The project started with the discovery of a dormant site with the rubble of a demolished building amidst the large university campus. By repurposing locally acquired second hand shipping containers located 12km away in Izmir port, the design team was able to upcycle an underused site with underused construction materials.

© Yerçekim Photography
© Yerçekim Photography

Looking into the site, solar orientation, existing campus circulation routes, wind angles, tree shaded areas and the contours of the previous building helped craft a meaningful and financially viable programmatic division, volumetric arrangement and ultimately a fluid user circulation. Storyboard of possible user interactions helped communicate the importance of catalyst programs around art, design and technology. Meanwhile, a vertical ‘beacon’ container, an inner courtyard, narrow cross-circulation corridors, and ample seating spots enable spaces for prospect and refuge, as well as spontaneous encounters and play.

© Yerçekim Photography
© Yerçekim Photography

Ecological Design :

Aside from an exceptional amount of material recycling and reuse, the project exhibits a wide gamut of ecological strategies. By placing container modules with maximum north-south exposure and narrow cross sections, the design maximized the ability to use passive solar strategies coupled with natural ventilation.

© Yerçekim Photography
© Yerçekim Photography

Existing trees, optimally designed shading devices, solar coated southern windows, thick insulation, efficient air conditioning, natural materials such as cork, and LED lighting systems all helped minimize the building’s environmental impact.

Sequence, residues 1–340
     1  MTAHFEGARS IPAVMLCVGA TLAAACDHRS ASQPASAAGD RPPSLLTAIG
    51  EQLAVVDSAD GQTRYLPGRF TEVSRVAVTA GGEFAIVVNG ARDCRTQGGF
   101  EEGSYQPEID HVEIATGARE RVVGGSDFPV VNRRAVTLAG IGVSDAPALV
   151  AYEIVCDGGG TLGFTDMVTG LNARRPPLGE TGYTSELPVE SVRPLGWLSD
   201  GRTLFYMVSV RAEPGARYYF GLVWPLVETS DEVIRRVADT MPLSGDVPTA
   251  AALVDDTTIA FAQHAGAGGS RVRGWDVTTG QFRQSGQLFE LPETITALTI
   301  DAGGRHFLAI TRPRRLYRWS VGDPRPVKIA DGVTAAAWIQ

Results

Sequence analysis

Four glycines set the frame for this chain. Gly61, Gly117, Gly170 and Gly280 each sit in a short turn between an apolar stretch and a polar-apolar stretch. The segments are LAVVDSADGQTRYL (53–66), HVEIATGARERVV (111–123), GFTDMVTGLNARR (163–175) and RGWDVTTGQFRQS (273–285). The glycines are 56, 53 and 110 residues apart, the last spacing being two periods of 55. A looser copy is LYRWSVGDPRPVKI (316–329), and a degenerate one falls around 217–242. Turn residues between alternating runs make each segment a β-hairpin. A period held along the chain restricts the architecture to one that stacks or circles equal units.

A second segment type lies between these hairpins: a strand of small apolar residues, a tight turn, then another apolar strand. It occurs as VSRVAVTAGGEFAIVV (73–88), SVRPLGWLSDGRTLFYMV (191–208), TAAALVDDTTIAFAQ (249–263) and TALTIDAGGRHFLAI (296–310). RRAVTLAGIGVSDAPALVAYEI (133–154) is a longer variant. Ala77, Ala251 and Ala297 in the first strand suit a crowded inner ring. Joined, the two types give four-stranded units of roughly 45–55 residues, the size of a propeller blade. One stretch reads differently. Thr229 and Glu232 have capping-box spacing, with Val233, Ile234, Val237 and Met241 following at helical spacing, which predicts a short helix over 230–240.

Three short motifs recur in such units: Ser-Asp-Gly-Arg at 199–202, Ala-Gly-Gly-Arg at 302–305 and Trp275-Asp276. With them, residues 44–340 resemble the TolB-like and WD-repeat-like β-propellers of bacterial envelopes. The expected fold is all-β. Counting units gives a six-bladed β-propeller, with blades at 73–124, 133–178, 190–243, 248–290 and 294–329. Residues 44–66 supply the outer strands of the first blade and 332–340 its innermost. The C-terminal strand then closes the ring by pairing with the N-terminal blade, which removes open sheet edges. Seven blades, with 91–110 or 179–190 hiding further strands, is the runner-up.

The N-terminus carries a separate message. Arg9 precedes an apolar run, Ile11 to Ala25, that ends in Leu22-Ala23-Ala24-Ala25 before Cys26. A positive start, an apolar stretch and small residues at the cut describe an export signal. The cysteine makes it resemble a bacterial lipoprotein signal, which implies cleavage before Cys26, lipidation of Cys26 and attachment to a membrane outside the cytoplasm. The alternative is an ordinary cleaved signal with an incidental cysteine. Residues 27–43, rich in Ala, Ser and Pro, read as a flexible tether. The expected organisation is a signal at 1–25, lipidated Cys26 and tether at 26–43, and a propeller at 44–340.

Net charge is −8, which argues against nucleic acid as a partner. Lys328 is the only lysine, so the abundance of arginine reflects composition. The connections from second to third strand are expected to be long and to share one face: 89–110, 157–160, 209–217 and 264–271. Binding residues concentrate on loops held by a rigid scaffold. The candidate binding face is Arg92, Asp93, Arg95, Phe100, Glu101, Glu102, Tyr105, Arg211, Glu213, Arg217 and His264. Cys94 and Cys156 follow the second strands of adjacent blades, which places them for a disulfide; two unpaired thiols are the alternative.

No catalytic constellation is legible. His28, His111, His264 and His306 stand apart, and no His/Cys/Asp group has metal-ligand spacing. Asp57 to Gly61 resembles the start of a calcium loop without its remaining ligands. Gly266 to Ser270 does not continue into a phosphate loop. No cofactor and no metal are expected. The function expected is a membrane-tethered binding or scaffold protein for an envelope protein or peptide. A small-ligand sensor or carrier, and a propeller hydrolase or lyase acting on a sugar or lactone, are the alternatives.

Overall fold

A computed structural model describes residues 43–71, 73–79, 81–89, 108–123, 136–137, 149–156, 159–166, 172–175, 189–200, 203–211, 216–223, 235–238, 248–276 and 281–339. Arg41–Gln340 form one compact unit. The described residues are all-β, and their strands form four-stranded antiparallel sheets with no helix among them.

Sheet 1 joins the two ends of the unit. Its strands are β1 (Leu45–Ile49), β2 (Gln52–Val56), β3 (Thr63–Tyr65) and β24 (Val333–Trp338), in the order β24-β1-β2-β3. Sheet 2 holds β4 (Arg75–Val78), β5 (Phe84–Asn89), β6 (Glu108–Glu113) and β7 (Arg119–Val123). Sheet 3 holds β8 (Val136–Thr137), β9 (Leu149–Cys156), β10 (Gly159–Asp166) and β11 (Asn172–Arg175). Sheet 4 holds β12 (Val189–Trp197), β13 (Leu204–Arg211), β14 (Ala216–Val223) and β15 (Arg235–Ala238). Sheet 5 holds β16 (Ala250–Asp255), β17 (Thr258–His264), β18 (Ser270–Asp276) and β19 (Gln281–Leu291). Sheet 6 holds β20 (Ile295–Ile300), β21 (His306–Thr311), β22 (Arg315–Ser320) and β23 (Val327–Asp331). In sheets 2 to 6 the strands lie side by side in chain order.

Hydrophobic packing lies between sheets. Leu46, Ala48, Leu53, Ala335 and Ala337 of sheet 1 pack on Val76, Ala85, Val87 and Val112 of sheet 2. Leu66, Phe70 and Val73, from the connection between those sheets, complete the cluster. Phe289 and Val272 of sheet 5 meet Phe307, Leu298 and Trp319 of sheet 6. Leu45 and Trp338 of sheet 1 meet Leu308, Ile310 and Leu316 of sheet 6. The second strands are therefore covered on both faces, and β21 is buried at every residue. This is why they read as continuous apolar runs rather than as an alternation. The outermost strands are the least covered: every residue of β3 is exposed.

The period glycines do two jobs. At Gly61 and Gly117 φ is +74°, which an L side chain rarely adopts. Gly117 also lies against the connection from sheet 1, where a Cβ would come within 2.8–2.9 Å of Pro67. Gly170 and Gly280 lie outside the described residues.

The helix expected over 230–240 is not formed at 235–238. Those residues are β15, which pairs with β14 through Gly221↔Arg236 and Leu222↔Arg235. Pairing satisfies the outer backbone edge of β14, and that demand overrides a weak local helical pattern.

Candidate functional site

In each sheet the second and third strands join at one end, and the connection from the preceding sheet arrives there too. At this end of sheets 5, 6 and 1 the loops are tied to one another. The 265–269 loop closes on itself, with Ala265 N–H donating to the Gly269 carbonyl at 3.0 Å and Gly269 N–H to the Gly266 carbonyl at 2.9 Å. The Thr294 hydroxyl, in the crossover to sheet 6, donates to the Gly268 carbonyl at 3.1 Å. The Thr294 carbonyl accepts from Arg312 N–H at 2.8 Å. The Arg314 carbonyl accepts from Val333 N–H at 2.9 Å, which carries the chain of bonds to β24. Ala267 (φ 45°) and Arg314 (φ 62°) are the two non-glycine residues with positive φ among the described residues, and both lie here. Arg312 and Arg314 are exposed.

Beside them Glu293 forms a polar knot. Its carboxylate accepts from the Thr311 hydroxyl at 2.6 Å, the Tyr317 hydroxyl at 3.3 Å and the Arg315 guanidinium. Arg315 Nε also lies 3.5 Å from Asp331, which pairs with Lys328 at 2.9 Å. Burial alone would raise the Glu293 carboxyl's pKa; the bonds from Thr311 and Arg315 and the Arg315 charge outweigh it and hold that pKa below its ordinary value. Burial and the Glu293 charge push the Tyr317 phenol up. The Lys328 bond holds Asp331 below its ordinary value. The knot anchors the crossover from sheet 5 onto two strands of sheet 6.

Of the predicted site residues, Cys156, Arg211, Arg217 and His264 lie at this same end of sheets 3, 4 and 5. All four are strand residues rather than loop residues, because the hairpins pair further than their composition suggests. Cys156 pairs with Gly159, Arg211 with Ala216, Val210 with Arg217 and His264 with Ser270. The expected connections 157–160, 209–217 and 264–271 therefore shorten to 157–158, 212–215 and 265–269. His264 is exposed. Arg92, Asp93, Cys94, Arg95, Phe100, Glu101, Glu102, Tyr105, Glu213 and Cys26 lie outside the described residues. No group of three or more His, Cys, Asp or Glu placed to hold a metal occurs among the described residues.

Diagram
Diagram

Future-proofed Design:

Given that adaptability and resilience of a core & shell building is its biggest asset in the long term, the project features multiple technical details such as exposed beams and columns, visible electrical trays, abundant plugs, high-capacity ventilation, locally controllable heating-cooling systems and supporting sub-structure to help build separators in the future. All these systems help easily modify spatial programs over time.

© Yerçekim Photography
© Yerçekim Photography

Programmatically, by placing interaction catalysts across the site, designing alternative layouts and modular furniture, envisioning sections of the container facades as a workable canvas for muralists and designing for easy dismantlement and relocation, the project becomes a manifestation of a building as a prototype, one that entails galvanizing a talented community in Izmir and beyond.

Project gallery

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Project location

Address: Bornova,35040 Bornova/İzmir,Turkey

Location to be used only as a reference. It could indicate city/country but not exact address.
About this office
Cite: "Container Park / ATÖLYE " 24 Dec 2015. ArchDaily. Accessed . <https://www.archdaily.com/778903/container-park-atolye-labs/> ISSN 0719-8884
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© Yerçekim Photography

土耳其集装箱公园/ ATÖLYE Labs